1. Ambulatory blood pressure recordings were made over a 48 h period on six hypertensive patients. The conditions of study were standardized, particularly with regard to physical activity, and during one period of each day the patients were randomly allocated to be active or inactive.
2. Results show that blood pressure was highest during physical activity and lowest during sleep. There was no significant difference between the arterial pressures measured during the same physical activities carried out at the same time each day. However, during the same time on consecutive days when activity was randomized, there was a significant difference between the pressure recordings during physical activity compared with those during inactivity. Heart rate changes showed a similar trend during the randomized period.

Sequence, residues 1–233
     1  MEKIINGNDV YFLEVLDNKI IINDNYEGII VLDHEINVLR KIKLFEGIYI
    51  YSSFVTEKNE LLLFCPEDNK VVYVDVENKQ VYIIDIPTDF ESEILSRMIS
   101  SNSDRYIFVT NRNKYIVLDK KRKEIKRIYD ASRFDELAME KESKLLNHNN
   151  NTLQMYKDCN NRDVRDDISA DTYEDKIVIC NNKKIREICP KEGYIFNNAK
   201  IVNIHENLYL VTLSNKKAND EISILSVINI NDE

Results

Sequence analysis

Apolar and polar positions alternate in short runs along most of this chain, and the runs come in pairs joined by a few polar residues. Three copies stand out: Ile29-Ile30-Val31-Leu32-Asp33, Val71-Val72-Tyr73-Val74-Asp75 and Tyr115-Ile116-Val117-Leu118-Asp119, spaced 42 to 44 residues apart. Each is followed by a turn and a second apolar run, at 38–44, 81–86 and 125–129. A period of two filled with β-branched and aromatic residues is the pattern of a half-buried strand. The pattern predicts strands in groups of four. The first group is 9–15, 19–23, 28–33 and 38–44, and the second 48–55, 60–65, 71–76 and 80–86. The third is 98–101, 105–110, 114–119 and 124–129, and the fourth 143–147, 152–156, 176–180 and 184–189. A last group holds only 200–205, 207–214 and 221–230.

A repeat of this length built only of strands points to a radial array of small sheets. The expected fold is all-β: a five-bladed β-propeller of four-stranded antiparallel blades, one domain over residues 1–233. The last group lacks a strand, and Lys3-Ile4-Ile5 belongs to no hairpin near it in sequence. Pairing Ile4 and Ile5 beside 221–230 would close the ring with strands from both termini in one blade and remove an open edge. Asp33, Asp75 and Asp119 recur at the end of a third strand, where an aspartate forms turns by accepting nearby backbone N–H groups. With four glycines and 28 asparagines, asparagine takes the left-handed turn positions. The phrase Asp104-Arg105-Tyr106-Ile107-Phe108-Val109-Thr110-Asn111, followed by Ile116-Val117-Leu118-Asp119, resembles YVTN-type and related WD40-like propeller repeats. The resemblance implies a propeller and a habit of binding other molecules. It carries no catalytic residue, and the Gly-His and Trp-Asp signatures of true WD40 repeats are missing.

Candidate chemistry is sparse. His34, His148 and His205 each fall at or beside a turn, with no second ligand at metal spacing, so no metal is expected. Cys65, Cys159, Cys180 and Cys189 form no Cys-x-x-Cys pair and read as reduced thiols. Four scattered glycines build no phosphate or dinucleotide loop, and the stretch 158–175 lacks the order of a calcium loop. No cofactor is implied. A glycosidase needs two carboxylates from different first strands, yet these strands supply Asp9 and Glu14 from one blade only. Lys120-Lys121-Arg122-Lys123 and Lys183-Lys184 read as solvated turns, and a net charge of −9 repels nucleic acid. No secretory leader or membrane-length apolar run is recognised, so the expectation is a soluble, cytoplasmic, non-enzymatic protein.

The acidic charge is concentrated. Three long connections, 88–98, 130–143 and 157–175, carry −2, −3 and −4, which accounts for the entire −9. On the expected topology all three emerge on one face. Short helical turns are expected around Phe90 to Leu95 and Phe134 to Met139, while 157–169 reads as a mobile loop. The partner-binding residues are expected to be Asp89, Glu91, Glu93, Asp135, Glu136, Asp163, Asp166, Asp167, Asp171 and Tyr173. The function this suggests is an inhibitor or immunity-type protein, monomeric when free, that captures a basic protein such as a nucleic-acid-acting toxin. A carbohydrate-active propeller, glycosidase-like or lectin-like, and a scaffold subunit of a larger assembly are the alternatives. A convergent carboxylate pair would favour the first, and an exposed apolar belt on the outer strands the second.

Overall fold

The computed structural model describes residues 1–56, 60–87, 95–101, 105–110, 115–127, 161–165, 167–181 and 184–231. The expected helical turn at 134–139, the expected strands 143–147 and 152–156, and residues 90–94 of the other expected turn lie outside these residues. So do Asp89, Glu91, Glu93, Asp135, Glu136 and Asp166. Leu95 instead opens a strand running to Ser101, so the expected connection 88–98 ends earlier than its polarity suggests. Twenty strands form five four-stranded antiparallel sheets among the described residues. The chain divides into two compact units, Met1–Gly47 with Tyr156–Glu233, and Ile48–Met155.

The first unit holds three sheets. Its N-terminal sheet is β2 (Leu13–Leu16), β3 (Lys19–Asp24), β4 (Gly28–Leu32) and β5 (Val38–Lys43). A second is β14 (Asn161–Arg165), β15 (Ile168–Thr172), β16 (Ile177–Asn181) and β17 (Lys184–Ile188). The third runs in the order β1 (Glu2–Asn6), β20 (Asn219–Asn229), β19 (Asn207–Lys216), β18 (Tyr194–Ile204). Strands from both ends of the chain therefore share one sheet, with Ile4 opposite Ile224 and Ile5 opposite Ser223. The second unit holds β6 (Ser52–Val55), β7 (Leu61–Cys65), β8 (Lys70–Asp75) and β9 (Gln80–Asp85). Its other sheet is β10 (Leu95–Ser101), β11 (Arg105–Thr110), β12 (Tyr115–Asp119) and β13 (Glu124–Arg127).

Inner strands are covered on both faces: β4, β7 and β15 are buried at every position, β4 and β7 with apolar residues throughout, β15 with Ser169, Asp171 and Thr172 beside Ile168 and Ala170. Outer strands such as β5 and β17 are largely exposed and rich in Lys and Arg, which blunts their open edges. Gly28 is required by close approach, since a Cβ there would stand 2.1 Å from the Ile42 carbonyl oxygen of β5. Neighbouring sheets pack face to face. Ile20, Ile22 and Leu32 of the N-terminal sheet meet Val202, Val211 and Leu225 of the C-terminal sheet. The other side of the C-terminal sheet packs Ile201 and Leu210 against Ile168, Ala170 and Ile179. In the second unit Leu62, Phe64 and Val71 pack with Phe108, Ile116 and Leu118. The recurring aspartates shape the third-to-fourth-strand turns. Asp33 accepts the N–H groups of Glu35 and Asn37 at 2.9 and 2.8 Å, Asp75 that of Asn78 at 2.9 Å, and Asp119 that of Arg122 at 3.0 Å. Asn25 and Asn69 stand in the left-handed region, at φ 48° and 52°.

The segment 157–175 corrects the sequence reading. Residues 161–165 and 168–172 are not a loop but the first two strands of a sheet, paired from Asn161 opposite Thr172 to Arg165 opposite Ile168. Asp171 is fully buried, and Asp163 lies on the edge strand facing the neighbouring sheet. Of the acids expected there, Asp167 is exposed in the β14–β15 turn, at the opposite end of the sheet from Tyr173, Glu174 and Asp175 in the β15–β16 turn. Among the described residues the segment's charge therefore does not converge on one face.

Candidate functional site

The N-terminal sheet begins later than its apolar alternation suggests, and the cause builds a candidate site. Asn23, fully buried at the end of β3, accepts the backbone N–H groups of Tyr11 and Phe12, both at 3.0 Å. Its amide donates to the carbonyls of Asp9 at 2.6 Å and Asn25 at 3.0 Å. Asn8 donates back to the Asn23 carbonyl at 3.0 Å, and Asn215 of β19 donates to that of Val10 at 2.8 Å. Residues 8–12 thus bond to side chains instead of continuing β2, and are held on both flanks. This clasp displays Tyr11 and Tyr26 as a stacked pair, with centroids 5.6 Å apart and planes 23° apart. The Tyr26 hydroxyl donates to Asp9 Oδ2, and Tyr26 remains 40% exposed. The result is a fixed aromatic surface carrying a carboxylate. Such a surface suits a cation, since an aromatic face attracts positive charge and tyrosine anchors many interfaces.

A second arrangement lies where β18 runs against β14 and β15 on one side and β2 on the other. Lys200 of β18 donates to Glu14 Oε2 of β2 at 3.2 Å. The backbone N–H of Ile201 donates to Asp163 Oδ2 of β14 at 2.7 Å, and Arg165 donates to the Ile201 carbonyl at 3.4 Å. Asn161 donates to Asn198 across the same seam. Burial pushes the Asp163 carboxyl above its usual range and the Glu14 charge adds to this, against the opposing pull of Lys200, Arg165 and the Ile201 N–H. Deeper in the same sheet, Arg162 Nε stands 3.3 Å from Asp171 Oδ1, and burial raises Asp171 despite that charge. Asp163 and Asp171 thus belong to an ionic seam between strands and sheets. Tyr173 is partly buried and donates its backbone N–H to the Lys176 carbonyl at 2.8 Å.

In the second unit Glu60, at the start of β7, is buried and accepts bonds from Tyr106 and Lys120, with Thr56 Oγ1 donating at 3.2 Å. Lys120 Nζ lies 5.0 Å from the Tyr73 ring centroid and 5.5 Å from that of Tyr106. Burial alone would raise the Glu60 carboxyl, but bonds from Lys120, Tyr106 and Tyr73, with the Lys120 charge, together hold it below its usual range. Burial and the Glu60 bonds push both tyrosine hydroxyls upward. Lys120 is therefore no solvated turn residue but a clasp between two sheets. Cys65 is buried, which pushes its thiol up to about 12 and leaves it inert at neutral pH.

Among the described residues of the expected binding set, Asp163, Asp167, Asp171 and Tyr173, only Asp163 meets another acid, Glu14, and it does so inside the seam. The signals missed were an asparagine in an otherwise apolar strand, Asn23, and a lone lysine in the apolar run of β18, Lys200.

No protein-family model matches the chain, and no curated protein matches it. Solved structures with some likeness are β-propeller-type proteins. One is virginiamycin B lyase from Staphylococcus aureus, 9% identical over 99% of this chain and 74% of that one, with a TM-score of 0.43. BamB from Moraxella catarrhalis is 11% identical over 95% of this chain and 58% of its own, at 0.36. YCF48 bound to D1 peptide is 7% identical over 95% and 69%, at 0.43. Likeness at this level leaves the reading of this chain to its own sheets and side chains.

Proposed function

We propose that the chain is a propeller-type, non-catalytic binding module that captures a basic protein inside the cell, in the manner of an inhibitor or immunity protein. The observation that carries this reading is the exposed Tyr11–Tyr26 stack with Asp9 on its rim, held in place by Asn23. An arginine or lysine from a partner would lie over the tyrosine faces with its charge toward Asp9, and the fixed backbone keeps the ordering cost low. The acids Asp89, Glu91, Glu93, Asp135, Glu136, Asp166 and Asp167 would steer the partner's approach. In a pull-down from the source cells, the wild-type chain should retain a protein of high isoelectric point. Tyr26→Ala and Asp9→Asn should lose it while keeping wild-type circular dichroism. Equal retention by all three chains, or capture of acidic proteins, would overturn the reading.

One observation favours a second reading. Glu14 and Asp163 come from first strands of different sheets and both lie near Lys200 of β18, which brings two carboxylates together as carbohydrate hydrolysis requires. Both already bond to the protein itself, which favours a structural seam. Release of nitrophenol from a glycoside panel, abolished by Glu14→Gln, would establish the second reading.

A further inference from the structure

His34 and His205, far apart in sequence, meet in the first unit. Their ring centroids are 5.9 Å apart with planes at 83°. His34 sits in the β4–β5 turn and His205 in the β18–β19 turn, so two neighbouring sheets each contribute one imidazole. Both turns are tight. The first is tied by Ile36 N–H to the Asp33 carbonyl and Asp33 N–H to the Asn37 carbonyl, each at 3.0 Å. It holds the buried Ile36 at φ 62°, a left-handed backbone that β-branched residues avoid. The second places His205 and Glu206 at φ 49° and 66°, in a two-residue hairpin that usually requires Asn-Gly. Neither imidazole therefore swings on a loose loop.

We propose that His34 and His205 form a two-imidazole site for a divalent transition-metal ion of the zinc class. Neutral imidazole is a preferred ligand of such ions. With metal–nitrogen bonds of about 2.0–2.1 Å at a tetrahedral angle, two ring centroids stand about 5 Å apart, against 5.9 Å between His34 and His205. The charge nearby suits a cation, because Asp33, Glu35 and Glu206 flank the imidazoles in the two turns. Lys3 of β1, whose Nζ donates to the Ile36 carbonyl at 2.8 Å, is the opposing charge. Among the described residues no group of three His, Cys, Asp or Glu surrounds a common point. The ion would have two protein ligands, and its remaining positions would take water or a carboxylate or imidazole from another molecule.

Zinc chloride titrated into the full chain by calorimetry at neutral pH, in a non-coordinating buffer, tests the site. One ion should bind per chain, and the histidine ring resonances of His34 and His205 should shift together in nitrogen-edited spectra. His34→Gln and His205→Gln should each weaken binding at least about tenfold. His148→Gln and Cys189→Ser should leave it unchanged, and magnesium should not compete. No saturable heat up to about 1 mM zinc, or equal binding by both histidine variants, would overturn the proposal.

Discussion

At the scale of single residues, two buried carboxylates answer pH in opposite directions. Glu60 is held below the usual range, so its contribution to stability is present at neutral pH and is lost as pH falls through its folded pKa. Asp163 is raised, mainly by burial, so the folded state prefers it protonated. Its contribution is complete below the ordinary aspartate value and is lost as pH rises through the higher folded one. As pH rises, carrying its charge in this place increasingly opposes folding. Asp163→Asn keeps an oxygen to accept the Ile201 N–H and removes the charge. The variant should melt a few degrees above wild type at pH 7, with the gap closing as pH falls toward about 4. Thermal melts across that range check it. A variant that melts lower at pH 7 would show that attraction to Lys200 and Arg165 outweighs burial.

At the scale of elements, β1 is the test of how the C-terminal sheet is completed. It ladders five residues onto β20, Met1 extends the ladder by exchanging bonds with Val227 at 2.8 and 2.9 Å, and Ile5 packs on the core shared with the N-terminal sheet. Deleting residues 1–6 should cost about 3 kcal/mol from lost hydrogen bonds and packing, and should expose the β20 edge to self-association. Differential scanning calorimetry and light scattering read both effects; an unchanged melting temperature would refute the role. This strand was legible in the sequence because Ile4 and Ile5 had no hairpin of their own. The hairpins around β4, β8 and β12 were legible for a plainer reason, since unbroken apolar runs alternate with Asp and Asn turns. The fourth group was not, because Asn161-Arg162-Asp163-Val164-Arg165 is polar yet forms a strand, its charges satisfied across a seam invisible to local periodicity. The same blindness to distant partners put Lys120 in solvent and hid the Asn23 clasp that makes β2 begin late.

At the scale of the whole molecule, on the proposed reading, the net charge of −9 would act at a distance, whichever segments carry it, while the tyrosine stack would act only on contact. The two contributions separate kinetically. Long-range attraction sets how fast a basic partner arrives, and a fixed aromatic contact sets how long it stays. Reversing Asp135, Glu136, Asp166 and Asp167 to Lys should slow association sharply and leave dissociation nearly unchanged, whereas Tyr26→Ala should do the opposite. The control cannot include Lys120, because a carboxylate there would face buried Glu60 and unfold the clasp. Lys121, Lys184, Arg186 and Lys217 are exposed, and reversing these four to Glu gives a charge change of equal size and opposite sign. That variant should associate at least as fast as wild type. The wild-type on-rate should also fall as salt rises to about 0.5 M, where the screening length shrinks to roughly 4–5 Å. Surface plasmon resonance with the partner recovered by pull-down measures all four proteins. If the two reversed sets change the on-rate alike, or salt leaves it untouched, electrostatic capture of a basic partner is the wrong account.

3. Physical activity and sleep have a profound effect on continuous arterial blood pressure recordings and these are independent of time alone. These observations should be taken into account when using this ambulatory system to assess hypotensive therapy.